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A strategy for controlling the marketing of tobacco products: a regulated market model
  1. R Borland
  1. Correspondence to:
 Ron Borland
 VicHealth Centre for Tobacco Control, Cancer Control Research Institute, The Cancer Council Victoria, 1 Rathdowne Street, Carlton, Vic 3053, Australia;


Objective: To outline a novel strategy for controlling the tobacco market.

Arguments: More comprehensive controls over the tobacco market are essential and long overdue. Effective controls need to encourage the development of less harmful products; control commercial communication to ensure that potential harms are highlighted relative to any benefits; and provide mechanisms to move consumers away from tobacco use, or at least towards less harmful alternatives. Achieving this by regulating the existing industry is one strategy. This paper puts the case for an alternative: to have marketing controlled by an agency (called here the Tobacco Products Agency, or TPA) which tendered to manufacturers for product and which distributed to retailers in ways that reduce incentives to bend or break the law. The TPA would be backed by legislation that made tobacco a controlled substance with possession sale and use only allowed as permitted by the regulations, which in reality would be only as provided by the TPA.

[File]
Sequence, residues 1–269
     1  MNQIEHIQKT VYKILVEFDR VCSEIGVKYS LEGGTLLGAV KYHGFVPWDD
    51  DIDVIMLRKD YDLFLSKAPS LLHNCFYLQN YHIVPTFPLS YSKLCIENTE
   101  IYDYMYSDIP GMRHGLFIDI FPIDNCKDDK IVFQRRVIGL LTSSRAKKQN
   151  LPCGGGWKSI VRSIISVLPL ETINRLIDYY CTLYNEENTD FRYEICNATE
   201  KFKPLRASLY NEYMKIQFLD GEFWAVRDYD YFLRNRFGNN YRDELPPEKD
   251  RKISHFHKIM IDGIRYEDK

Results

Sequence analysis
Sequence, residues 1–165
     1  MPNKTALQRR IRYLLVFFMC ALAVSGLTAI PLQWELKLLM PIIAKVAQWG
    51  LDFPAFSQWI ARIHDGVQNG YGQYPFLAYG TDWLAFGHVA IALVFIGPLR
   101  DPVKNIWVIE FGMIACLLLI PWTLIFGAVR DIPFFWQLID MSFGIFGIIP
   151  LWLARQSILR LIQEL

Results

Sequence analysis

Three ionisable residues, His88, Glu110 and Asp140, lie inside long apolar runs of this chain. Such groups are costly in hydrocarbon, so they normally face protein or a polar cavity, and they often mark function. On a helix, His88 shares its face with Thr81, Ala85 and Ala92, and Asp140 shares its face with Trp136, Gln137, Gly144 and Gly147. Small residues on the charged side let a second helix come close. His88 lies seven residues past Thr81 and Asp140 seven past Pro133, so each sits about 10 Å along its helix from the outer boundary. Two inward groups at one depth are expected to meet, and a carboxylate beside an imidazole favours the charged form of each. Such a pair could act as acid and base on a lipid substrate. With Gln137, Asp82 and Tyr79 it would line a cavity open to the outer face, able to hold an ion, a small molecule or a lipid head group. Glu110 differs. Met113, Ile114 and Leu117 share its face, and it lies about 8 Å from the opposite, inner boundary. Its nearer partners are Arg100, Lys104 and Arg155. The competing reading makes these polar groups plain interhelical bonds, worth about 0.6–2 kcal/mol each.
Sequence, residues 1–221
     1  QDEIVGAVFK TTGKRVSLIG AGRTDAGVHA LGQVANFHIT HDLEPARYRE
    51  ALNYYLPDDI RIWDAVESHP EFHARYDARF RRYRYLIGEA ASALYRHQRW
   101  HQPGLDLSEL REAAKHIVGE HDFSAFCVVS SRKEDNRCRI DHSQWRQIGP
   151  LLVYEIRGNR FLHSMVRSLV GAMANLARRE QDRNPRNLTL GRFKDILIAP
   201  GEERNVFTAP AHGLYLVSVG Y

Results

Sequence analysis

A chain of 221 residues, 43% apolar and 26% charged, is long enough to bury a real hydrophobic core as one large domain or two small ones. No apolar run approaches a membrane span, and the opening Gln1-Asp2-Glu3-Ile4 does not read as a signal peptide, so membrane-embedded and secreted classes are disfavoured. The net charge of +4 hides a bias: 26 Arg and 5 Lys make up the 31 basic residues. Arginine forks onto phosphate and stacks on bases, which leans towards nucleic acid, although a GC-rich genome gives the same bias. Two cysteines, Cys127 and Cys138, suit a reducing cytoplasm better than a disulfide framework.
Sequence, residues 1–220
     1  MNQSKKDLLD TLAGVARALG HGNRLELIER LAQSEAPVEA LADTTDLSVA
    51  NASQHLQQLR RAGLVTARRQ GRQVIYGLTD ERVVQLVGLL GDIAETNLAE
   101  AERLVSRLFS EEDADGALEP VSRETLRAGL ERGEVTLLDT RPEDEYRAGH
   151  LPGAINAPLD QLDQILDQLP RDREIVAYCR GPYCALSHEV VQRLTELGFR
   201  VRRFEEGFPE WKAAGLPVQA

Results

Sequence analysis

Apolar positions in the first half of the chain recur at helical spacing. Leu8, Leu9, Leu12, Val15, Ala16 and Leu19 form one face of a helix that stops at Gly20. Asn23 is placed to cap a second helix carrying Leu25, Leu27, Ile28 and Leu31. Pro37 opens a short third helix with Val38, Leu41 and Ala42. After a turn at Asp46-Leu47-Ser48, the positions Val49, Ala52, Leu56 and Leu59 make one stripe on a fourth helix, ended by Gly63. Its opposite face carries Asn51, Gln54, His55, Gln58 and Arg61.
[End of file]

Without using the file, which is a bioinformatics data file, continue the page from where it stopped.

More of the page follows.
Conclusions: The overall effect of such a model, which we call a “regulated market model”, would be to eliminate most of the incentives and remaining opportunities for commercial promotion of tobacco and to create incentives to encourage the development of less harmful tobacco products. Such a model preserves the competition inherent in a free market, but directs it towards the challenge of reducing the harm from tobacco use.

  • regulation
  • harm reduction
  • marketing
  • product modification
  • FCTC, Framework Convention on Tobacco Control
  • RMM, regulated market model
  • TPA, Tobacco Products Agency

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  • * In jurisdictions where smokeless products are banned, it may be worth allowing them onto the market to the extent that they are likely to be substitutes for cigarettes, rather than a largely independent market. The value of doing so would need to be clearly weighed, using the experience of Sweden as a guide.

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